• Sophisticated routing through intuitive rules-based logic ensures image data is systematically routed to where interpretations need to be performed, from off-hours coverage, teleradiology, specialty reading, to routing at series or image level, or solving modality and PACS routing limitations.
  • Advanced pre and post fetching provides relevant priors for comparison before they’re needed; ensures prior image data across disparate PACS systems are moved to the exact system where the exam is to be performed. Support for priority prefetch requests for emergency or walk-in cases through configured HL7 order feeds.
  • DICOM normalization from translating study descriptions and modality types to ensuring accession numbers are unique across systems
  • Ability to standardize your DICOM and convert PACS vendors’ proprietary presentation state, annotations, etc.
  • Supports image data compression and transfer syntax negotiation between modality and PACS solutions
  • Easy to use graphical user interface for designing and management of archiving and routing rules.

Mach7’s universal Communication Workflow Engine is a key component of an advanced VNA-based enterprise imaging platform that manages patient imaging data across a healthcare organization’s enterprise. Unlike departmental “point solutions” (PACS, RIS), these enterprise-level platforms offer advanced vendor neutral technologies including sophisticated archiving, customizable communication workflow, and universal visualization solutions that collectively help address patient data management challenges. To recognize true clinical efficiencies, image management solutions must universally provide interoperability across disparate referring facilities, departments, and regional networks. These universal, standards-based VNA Platforms enable communication, drive new revenue channels, speed diagnosis, and reduce storage carrying costs and network latency, helping healthcare organizations achieve their business and patient management goals.

The Communication Workflow Engine delivers capabilities that enable our customers to achieve interoperability within a department, enterprise, or across a region. Our advanced communication engine has solved some of the toughest image routing and sharing challenges worldwide and supports:

  • Plug and play best-of-breed specialty visualization solutions and viewers
  • Telemedicine and teleservices image routing and management requirements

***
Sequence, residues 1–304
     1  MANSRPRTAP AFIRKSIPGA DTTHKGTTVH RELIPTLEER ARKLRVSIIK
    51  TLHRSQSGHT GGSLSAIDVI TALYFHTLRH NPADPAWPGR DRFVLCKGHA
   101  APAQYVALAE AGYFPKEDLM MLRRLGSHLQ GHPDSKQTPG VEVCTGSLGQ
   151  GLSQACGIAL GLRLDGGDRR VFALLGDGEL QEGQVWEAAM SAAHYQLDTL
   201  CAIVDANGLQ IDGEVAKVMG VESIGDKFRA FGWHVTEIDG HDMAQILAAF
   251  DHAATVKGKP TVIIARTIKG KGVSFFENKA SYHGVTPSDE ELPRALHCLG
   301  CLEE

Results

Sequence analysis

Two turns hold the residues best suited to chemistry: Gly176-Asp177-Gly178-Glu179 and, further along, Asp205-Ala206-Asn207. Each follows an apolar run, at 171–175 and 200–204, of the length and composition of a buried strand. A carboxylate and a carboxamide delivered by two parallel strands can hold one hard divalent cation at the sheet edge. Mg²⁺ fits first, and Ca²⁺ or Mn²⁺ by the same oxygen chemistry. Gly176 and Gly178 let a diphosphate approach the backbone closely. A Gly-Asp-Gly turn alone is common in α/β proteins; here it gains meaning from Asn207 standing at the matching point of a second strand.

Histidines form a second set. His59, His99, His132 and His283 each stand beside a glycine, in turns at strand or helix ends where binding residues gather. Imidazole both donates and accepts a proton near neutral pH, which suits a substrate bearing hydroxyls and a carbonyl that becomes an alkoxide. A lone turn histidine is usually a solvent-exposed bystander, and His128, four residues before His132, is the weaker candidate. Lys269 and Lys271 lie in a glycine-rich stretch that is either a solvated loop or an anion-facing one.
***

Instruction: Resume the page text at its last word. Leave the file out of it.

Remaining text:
• Image communication to and from remote sites
  • Translation and transformation of imaging data
  • Enhanced modality and visualization solution investments
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Mach7 Has “Industry’s Most Robust and Technologically Advanced Vendor Neutral Platform” What Do You Mean?

(7 Questions For Eric Rice, CTO, About Mach7’s Innovative Imaging Workflow Platform (RSNA Booth #6344))

In one of Mach7’s online brochures: “Industry’s Most Robust and Technologically Advanced Vendor Neutral Platform”, “Mach7 Enterprise Imaging Platform provides the most robust, fully-functioned product set in the industry for clinical archiving and communication.” There’s also this diagram. I really like how it interrelates content management and specialty-specific workflow (a topic I’ve written about and presented as a webinar).

enterprize-mach7

What do you mean by “Vendor Neutral” and “Platform”?

Eric Rice, Mach7 CTO::

Mach7 Enterprise Imaging Platform is composed of a Vendor Neutral Archive and Communication Workflow Engine. In addition, Mach7 Clinical Studio offers the Physician & Patient Portal and a universal, zero-footprint Clinical Viewer. These components create an imaging solution that is free of proprietary formats and allows physicians to leverage their best-of-breed viewers across specialties. Imaging data is consolidated in the VNA, and a single integration point is used to image enable the EMR. Interfaces between the systems include DICOM, HL7, non-DICOM, and HTTP protocols, with IHE adherence.

Image management then extends beyond the boundaries of any single department or “ology”. Through a vendor neutral, standards-based solution, true image management reaches across the healthcare enterprise to achieve interoperability within a department, enterprise, or region and across specialties.
Mach7 Enterprise Imaging Platform is a clinical imaging platform designed to go beyond Radiology and Cardiology. We currently support endoscopy, dermatology, pathology, oncology, etc. to name a few. Mach7’s Archive can manage and store the following non-DICOM file formats:

• Bitmaps
• Tiffs
• Jpegs
• AVI
• Mpeg
• PNG
• Quick Time
• GIF
• DOC
• PDF
• HTML

For example, regional imaging centers like San Diego Imaging (CA), Radiology and Imaging Specialists (FL) and Wake Radiology (NC), are among the leading healthcare organizations setting a course toward VNA Platforms. These platforms offer advanced vendor neutral technologies including sophisticated archiving, customizable communication workflow, and universal visualization solutions that collectively help address the patient data management challenges that imaging centers encounter. For imaging center success, interoperability across disparate referring facilities and a mix of vendor acquisition devices and visualization systems are a necessity. These universal, standards-based VNA Platforms enable communication, drive new revenue channels, speed diagnosis, and reduce storage carrying costs and network latency, helping healthcare organizations achieve their business and patient management goals.